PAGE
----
Have you ever heard the term Lipoedema? Chances are you haven’t, but I’m sure you’ve seen women who suffer with this condition and noticed the unusual characteristics of its presentation.
What is Lipoedema?
Lipoedema is a chronic disease which affects up to 11% of the female population (you read that right!), yet it is barely recognised by the medical fraternity and is often misdiagnosed as obesity or Lymphoedema. It is a symmetrical build-up of fat tissue predominantly in the legs and arms, though it can present in almost any part of the body.
What are the symptoms of Lipoedema?
- Symmetrical accumulation of fatty tissue in the legs and/or arms, not including feet/hands. There can be fat rings around the ankles or wrists (cankles)
- Texture of skin is soft, like a baby’s
- Legs can be very sensitive to touch
- Easy bruising
- Fat pads can occur at the hips and knees
- Aching and pain, especially on the inner thighs and knees
- Decreased mobility
- Diet and exercise have little effect on the affected areas
- Symptoms generally start at times of hormonal change, ie, puberty, pregnancy and menopause
- Small waist and upper body in comparison to the lower half
When I first learnt about Lipoedema in 2006 there was little research, if any, and we were taught that Lipoedema was a condition where there were too many fat cells which were diseased and continued to grow. Now there is research which suggests that these diseased fat cells are encased by connective tissue. This is important because it could be part of the explanation as to why diet does not reduce the size and appearance of the fat.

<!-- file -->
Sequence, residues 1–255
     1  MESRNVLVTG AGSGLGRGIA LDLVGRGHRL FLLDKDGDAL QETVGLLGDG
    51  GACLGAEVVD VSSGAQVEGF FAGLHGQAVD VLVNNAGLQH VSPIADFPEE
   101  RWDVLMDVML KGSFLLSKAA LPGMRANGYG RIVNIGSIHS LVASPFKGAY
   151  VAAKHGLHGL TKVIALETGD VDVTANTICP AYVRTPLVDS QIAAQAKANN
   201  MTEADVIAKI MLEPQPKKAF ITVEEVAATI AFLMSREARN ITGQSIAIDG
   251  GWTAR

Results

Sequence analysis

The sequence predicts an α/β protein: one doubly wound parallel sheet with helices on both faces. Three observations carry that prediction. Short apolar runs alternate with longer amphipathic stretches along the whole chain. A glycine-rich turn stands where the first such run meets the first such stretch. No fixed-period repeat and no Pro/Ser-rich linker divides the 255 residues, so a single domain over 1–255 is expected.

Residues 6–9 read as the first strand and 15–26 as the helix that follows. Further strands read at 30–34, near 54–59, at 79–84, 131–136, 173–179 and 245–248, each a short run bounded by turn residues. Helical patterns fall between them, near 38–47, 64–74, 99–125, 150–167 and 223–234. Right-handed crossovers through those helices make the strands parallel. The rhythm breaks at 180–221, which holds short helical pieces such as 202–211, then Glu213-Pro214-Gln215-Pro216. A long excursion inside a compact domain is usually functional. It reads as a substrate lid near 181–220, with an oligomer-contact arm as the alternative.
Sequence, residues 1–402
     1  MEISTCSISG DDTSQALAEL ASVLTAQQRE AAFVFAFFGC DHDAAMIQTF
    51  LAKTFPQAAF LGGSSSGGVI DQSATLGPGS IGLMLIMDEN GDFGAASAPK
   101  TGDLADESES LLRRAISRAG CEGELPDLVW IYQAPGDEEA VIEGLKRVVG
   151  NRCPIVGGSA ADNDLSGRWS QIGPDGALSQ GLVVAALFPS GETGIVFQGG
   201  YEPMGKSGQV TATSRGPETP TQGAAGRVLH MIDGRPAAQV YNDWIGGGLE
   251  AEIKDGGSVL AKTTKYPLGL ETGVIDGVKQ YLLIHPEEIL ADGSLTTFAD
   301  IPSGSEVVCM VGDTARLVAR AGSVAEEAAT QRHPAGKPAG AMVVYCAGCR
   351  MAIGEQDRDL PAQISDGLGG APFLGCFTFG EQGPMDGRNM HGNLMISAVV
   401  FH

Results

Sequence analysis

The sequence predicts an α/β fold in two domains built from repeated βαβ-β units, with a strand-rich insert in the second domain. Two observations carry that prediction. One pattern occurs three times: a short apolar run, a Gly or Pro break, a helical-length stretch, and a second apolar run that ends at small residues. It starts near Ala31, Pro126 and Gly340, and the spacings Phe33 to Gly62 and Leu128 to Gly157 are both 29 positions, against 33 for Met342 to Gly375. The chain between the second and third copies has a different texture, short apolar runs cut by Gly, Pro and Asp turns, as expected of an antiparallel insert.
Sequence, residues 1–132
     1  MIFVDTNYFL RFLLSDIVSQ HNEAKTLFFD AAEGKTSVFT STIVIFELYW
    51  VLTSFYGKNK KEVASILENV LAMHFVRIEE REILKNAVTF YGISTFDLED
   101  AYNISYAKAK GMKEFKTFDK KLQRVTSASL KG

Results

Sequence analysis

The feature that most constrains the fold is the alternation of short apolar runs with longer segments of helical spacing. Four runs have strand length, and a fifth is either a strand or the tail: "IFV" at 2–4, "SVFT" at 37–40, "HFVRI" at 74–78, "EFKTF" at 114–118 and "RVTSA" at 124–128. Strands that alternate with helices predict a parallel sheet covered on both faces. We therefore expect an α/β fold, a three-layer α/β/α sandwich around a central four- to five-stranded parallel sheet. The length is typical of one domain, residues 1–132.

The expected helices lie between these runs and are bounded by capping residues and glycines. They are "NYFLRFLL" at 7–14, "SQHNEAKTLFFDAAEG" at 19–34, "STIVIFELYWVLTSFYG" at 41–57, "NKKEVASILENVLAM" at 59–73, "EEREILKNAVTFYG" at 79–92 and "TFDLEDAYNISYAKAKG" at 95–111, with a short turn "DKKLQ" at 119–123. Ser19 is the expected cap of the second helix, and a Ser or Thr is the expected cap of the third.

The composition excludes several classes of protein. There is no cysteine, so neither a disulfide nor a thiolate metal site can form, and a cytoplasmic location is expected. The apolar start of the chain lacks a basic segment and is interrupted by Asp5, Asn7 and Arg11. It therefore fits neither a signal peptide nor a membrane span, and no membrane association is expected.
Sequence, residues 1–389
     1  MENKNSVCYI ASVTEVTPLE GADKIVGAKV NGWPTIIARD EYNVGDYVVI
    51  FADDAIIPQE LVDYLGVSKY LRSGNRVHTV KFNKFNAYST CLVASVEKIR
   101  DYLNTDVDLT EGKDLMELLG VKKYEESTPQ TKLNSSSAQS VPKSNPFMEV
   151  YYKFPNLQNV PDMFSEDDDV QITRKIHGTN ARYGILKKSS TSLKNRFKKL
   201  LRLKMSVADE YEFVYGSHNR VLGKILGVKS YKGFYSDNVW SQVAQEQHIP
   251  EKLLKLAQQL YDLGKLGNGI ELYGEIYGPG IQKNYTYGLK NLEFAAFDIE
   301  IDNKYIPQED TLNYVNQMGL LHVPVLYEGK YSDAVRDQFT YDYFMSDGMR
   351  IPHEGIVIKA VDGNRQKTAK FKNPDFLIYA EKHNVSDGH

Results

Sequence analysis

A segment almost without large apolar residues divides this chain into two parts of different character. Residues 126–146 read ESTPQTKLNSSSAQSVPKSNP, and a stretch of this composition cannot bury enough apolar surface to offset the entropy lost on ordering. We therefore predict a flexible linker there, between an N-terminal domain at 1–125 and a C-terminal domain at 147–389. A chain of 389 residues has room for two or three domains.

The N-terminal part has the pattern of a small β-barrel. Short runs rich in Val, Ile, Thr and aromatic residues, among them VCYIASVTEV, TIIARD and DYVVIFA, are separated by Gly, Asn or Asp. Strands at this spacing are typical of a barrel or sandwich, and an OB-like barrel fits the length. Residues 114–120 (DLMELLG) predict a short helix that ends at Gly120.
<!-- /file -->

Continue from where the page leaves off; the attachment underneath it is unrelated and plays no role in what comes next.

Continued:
How to Live Well With Lipoedema?
Getting a diagnosis is difficult. Sufferers of Lipoedema are often told by their GPs they are fat and need to diet and exercise more, even when they explain that they have been doing these things already with no result. There is often fat shaming, which can lead to depression, anxiety and loss of self-esteem.
A physio or OT who specialises in lymphatics will be able to diagnose. There are a few GPs, vascular specialists, podiatrists and plastic surgeons who may be able to identify it, but these are few and far between.
You don’t need a diagnosis to start conservatively treating Lipoedema if you suspect you have it. Here a few things that are recommended:
- Psychological/emotional support
- Following an anti-inflammatory way of eating. While this doesn’t alter the shape of the legs it can help with pain management and general health
- Exercise in whatever way you can manage – walking in water is one of the best ways to manage the condition but whatever exercise you enjoy is best, as long as it doesn’t cause you pain
- Compression therapy – stockings and pumps
- Manual Lymphatic Drainage
- Dry brushing/opening lymph nodes
Gather a team of natural therapists to help manage your Lipoedema:
- Remedial Massage Therapist with training in Manual Lymphatic Drainage – ask them about their qualifications and experience with Lipoedema
- Physiotherapist/OT with training in Manual Lymphatic Drainage
There are numerous Support Groups available online, some of whom hold regular catch ups.
The 4th Lipoedema Australia National Conference is being held in Sydney from 17-19 June 2022. This is a fantastic opportunity to meet other Lipoedema sufferers and hear the latest in research and treatment options.